So be very careful when people say in research that they want to see people like them. What they really want to see – especially in the world of fashion and beauty – is their ‘Idealised Self’: the person they strive to be. Them at their very best. Not the warts-and-all ‘Actual Self’ they see when they look in the full-length mirror.
Be careful with reality. And be careful with what people say in research. It might not be what they mean.
So when word got out that the main tea competitor, Tetley, had a bizarre new product up its sleeve, we and our client weren’t unduly worried. PG Tips came in square tea bags, like the rest of the market in those days. Tetley’s new tea idea was round bags. This made no sense at all to us. The tea would taste just the same, wouldn’t it? We gave it a few months, at best. But how wrong we were. People loved the new round bags Tetley shot to brand leader in a year. We were reminded of this when we visited a Paul Smith exhibition. Among his mantras was: “Don’t make sense”
Next, it’s argued that Millennials represent the future. What they do now, everyone will be doing one day. This is probably the weakest argument of all. Our job is to sell to society as it is now. Not as it will be in 10 years’ time. Young people change behaviour as they grow older, so they’re not always a reliable guide to the future. We need to distinguish ‘life-status effect’ from ‘cohort effect’. Just because young people watch less TV than average, TV viewing is not necessarily bound to decline in the future. Young people have always watched less TV than older viewers because they go out more.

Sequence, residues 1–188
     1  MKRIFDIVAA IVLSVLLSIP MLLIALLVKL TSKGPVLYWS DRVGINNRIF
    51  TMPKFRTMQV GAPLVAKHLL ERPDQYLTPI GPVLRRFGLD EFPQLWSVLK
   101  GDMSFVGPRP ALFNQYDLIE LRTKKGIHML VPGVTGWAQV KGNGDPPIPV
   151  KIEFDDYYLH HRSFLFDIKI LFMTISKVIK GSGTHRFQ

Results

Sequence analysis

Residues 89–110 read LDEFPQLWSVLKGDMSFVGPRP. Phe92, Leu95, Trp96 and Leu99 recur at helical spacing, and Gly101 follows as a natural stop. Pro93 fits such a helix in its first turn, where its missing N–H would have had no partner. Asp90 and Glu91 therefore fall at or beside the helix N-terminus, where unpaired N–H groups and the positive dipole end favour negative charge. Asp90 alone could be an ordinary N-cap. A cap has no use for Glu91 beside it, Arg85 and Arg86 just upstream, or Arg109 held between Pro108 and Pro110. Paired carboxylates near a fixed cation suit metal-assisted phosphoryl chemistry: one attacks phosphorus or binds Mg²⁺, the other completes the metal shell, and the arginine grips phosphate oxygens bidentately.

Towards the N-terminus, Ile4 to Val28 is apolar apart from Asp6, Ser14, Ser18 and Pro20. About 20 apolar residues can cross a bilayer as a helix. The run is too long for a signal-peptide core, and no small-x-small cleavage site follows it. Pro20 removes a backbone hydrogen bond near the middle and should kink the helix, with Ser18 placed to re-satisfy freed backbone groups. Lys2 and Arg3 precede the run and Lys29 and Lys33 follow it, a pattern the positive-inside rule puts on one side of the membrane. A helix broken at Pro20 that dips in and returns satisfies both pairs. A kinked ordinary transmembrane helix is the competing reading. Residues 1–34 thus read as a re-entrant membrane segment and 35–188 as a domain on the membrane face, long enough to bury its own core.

We suspect that advertising’s obsession with youth is partly due to lack of perspective. We all tend to assume the average person is someone like us. And people who work in advertising are mostly young. Now there’s less TGI analysis and fewer focus groups going on, young planners are often disbelieving of how old the people buying their brands actually are (TGI reveals, for example, that the average new car buyer in the UK is 56).
Domestos kills all known germs. Dead’ was an example. But in a world where functional advantages are quickly matched by the competition, brands rarely own these claims for long. In fact, any bleach could make the same claim of Domestos.
And this takes us to the nub of how branding works. Brands succeed not by being different, but by being distinctive. Brands need a distinctive style, tone of voice, and personality. They need to have their own way of saying what they do. An end-line’s job is to sum that up in a memorable way.
Think about two great brand end-lines: Nike’s “Just do it” and Tesco’s “Every little helps”. There’s nothing inherently ownable about these words. Or the sentiments behind them. You couldn’t come up with a more ordinary bunch of words if you tried. But each of these lines reflects an attitude to the category in question that’s clear, distinctive and memorable. And over time, they’ve become inextricable linked to the brands in question.
And that’s the point. “Ownership” takes time and money. The smart marketing directors who bought those successful long-running campaign ideas and end-lines weren’t agonising over wether they were ownable.